|In 1834 the
prisoners to be transported on the Blenheim were
incarcerated in the Surprize Hulk at Cork.
The prison had
been established about ten years previously and the following report
was written in 1824.........
This prison has been
arranged in a very complete manner, in the Surprize frigate, and
affords good accommodation for 350 convicts. The state of the hulk
with respect to accommodation, dietary, cleanliness, and interior
regulation, we found to be very satisfactory. The ship has been
extremely healthy. The officers all seem to perform their duty well;
but we should recommend very strongly that a schoolmaster should be
appointed, and a latitude given to Mr. Hollingsworth, the local
inspector, to provide books. This officer would be much inclined to
forward the instruction of the convicts, and under the
superintendence of the chaplains, much good effect might be
expected. One of the reasons which has been assigned for want of
instruction on board the hulk, is the shortness of the stay of the
convicts; but it is to be considered that almost all these prisoners
have come from a county gaol in which a school was established, many
of them from scenes of real improvement, and that they are therefore
prepared at once to be placed in the class of readers, and that a
temporary suspension of ail endeavours to instruct, might much
counteract any improvement which may have been acquired. Some of the
prisoners are employed in carpenter's work, making and repairing
prison dresses, and occasionally picking oakum........Report
of the Committee of the Society for the Improvement of Prison
The Freeman's Journal reported on
Saturday 19th July 1834.....
Two hundred and fifty male
convicts from Limerick, Galway, Cork, Waterford, Kerry, Clare,
Tipperary and Castlebar were embarked in the Blenheim at Cove and
proceeded for Botany Bay on Monday. A detachment of the 50th
regiment is on board.
James Wilson kept a Medical
Journal from 30 May to 28 November 1834 .... On 7th July, I went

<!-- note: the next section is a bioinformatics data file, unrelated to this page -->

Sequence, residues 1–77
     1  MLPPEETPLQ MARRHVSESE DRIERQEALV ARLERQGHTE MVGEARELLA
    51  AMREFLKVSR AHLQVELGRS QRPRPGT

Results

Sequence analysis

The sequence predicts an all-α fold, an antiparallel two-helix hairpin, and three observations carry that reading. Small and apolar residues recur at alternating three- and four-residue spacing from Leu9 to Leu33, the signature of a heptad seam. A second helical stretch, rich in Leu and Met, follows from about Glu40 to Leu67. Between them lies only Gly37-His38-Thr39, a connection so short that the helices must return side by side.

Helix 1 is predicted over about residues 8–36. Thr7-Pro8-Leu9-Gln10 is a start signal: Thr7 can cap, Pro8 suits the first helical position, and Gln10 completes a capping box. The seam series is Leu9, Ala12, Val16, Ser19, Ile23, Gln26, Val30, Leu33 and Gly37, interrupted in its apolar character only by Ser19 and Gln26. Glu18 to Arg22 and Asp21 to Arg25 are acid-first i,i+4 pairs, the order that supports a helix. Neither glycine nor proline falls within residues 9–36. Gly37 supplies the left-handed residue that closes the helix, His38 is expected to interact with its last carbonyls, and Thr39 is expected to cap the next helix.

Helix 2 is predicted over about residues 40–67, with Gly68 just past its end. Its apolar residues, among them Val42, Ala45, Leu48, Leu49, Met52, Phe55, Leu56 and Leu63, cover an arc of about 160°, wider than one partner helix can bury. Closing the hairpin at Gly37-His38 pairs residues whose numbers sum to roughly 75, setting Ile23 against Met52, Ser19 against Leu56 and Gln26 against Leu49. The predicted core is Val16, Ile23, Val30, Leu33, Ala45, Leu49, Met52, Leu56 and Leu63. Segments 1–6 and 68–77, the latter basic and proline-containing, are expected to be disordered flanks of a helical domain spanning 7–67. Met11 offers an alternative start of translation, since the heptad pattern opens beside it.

on board the Surprize convict hulk at the Cove of Cork, and was
present at the inspection of the convicts by a Medical Officer sent
from Dublin for that purpose. There was also present the Medical
Officer belonging to the Hulk. I objected to receive some of the
prisoners and offered to receive two others. One was said by the
Surgeon to be blind and in fact he was led to the cabin door and
then led away as a person unfit for embarkation on account of total
loss of vision said to be of long standing . The Officer from Dublin
seeing on the list that his crime was sheep stealing had him called
back, and he and I took the man into open light to examine his eyes.
This he resisted by keeping the palpebra so permanently closed that
no efforts of our fingers could separate them; this power of the
muscles no doubt acquired from long continued action, he having I
was afterwards informed employed it for 13 months. Being defeated in
ascertaining the state of the globe of the eye but quite certain the
globe in both eyes were entire from the prominence of the palpebra,
I got a spatula which I introduced with some force it being contrary
to his will, between the eyelids and separated them with that, and I
saw that vision was perfect in both eyes. I told him I would receive
him on board and recommended his having his eyes open when he came
or I would punish him at the gangway.